About this poet

Lucille Clifton was born in Depew, New York, on June 27, 1936. Her first book of poems, Good Times, was rated one of the best books of the year by the New York Times in 1969.

Clifton remained employed in state and federal government positions until 1971, when she became a writer in residence at Coppin State College in Baltimore, Maryland, where she completed two collections: Good News About the Earth (Random House, 1972) and An Ordinary Woman (1974).

She is the author of  several other collections of poetry, including Voices (BOA Editions, 2008); Mercy (2004); Blessing the Boats: New and Selected Poems 1988-2000 (2000), which won the National Book Award; The Terrible Stories (1995), which was nominated for the National Book Award; The Book of Light (Copper Canyon Press, 1993); Quilting: Poems 1987-1990 (1991); and Next: New Poems (1987). 

Her collection Good Woman: Poems and a Memoir 1969-1980 (1987) was nominated for the Pulitzer Prize; Two-Headed Woman (1980), also a Pulitzer Prize nominee, was the recipient of the University of Massachusetts Press Juniper Prize. She has also written Generations: A Memoir (1976) and more than sixteen books for children, written expressly for an African-American audience.

Of her work, Rita Dove has written: "In contrast to much of the poetry being written today—intellectualized lyricism characterized by an application of inductive thought to unusual images—Lucille Clifton's poems are compact and self-sufficient...Her revelations then resemble the epiphanies of childhood and early adolescence, when one's lack of preconceptions about the self allowed for brilliant slippage into the metaphysical, a glimpse into an egoless, utterly thingful and serene world."

Her honors include an Emmy Award from the American Academy of Television Arts and Sciences, a Lannan Literary Award, two fellowships from the National Endowment for the Arts, the Shelley Memorial Award, the YM-YWHA Poetry Center Discovery Award, and the 2007 Ruth Lilly Prize.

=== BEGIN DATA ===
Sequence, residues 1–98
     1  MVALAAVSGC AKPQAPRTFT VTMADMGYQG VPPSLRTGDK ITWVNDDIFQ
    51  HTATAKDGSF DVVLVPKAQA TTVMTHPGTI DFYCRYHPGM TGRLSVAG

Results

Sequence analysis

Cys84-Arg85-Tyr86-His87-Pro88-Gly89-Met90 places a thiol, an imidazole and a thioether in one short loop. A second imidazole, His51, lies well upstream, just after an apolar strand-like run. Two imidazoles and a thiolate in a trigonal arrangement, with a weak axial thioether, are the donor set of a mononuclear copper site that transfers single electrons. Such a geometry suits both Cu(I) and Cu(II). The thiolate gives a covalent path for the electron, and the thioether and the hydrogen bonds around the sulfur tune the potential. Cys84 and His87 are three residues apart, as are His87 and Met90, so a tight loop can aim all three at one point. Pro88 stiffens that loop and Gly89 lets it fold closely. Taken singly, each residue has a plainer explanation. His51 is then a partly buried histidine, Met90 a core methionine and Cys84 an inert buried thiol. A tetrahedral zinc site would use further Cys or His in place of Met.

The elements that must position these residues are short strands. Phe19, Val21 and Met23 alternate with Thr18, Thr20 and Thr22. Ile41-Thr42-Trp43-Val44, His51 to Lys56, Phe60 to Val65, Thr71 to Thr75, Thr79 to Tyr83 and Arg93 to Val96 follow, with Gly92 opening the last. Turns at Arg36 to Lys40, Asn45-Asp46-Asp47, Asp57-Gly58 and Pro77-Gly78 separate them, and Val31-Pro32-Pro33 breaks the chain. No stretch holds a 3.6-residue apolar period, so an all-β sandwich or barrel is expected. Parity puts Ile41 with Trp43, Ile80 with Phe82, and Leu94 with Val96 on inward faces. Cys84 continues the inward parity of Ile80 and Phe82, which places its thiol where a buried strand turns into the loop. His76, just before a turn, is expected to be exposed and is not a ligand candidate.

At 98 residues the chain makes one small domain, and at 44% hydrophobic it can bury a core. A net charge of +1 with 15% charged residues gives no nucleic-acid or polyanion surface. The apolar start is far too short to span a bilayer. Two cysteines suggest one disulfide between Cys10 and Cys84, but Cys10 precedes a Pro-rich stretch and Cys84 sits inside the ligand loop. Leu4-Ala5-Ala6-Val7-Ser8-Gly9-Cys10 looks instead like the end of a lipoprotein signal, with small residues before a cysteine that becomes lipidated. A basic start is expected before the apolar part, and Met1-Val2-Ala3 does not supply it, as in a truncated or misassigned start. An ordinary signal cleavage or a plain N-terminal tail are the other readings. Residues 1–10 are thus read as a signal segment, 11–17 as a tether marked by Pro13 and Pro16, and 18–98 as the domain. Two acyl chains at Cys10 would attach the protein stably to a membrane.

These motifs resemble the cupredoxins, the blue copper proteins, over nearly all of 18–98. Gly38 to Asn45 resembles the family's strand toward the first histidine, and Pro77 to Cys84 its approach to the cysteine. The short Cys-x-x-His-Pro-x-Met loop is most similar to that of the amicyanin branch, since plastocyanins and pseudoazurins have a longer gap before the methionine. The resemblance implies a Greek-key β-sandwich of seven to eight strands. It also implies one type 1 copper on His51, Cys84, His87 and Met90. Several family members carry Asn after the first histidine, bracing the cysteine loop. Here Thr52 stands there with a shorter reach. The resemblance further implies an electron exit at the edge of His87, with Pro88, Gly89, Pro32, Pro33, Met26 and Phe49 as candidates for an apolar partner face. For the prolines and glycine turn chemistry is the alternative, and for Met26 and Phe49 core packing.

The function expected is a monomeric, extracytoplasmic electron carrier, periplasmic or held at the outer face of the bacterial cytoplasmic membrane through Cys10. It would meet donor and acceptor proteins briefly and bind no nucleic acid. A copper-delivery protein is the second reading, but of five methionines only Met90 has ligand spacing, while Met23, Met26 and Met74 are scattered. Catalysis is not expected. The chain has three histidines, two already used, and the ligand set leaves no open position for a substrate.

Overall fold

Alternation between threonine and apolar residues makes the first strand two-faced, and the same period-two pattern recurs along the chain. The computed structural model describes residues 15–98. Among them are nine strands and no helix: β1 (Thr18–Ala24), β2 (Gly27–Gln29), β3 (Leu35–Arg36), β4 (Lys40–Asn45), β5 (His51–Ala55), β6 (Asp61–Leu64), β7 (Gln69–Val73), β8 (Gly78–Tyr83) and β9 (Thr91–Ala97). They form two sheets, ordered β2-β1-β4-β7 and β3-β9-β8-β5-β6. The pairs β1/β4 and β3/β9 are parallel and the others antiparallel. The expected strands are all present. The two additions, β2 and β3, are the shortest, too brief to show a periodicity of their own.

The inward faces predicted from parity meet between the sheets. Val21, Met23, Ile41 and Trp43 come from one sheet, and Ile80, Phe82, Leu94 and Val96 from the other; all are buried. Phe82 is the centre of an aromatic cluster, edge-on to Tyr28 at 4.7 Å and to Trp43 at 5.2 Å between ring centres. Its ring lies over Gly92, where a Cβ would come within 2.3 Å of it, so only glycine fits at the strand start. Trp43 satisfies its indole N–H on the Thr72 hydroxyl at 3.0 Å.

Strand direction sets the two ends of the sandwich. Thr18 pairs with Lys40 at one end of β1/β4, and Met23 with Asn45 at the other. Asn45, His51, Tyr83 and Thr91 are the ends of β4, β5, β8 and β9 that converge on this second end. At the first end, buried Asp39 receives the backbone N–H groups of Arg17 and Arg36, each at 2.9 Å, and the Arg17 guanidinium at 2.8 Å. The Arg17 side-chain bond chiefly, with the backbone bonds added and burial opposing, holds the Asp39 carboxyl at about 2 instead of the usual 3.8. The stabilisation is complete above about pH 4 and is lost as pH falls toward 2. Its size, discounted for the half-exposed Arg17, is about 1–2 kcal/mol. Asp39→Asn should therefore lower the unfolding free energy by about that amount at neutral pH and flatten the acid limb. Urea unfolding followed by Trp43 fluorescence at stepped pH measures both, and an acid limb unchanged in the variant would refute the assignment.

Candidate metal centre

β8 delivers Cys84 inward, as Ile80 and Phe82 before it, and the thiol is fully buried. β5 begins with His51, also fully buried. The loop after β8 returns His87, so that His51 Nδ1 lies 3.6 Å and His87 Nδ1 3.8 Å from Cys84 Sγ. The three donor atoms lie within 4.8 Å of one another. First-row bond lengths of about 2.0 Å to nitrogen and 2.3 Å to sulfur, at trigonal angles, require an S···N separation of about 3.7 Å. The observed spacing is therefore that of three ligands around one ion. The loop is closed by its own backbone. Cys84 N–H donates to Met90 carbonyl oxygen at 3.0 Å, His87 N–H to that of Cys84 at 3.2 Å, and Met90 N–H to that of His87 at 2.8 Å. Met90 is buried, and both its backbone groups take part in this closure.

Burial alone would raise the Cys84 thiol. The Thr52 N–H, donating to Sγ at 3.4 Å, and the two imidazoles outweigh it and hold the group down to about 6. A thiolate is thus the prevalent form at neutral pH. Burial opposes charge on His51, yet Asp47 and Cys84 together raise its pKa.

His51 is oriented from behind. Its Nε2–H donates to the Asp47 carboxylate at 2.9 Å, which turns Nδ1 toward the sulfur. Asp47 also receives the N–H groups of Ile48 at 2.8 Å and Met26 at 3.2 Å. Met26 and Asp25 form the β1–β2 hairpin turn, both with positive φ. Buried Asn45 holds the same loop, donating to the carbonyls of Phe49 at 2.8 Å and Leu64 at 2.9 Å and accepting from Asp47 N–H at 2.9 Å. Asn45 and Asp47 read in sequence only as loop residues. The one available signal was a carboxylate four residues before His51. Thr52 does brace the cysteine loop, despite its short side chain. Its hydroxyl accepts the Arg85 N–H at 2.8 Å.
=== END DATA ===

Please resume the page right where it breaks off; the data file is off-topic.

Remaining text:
In 1999, she was elected a Chancellor of the Academy of American Poets. She served as Poet Laureate for the State of Maryland and Distinguished Professor of Humanities at St. Mary's College of Maryland.

After a long battle with cancer, Lucille Clifton died on February 13, 2010, at the age of 73.


Multimedia

From the Image Archive

 

the lost baby poem

Lucille Clifton, 1936 - 2010
the time i dropped your almost body down
down to meet the waters under the city
and run one with the sewage to the sea
what did i know about waters rushing back
what did i know about drowning
or being drowned

you would have been born into winter
in the year of the disconnected gas
and no car       we would have made the thin
walk over genesee hill into the canada wind
to watch you slip like ice into strangers’ hands
you would have fallen naked as snow into winter
if you were here i could tell you these
and some other things

if i am ever less than a mountain
for your definite brothers and sisters
let the rivers pour over my head
let the sea take me for a spiller
of seas        let black men call me stranger
always        for your never named sake

later i’ll say
i spent my life
loving a great man

later
my life will accuse me
of various treasons

not black enough
too black
eyes closed when they should have been open
eyes open when they should have been closed

will accuse me for unborn babies
and dead trees

later
when i defend again and again
with this love
my life will keep silent
listening to
my body breaking

Lucille Clifton, "the lost baby poem" from The Collected Poems of Lucille Clifton. Copyright © 1991 by Lucille Clifton. Reprinted with permission of BOA Editions, Ltd., boaeditions.org.

Lucille Clifton, "the lost baby poem" from The Collected Poems of Lucille Clifton. Copyright © 1991 by Lucille Clifton. Reprinted with permission of BOA Editions, Ltd., boaeditions.org.

Lucille Clifton

Lucille Clifton

Lucille Clifton was born in Depew, New York, on June 27, 1936.

by this poet

poem
a poem in seven parts


1   
convent

my knees recall the pockets
worn into the stone floor,
my hands, tracing against the wall 
their original name, remember
the cold brush of brick, and the smell   
of the brick powdery and wet
and the light finding its way in
through the high bars.

and also the
poem
if there is a river
more beautiful than this
bright as the blood
red edge of the moon          if
 
there is a river
more faithful than this
returning each month
to the same delta             if there
 
is a river
braver than this
coming and coming in a surge
of passion, of pain         if there is
 
a river
poem

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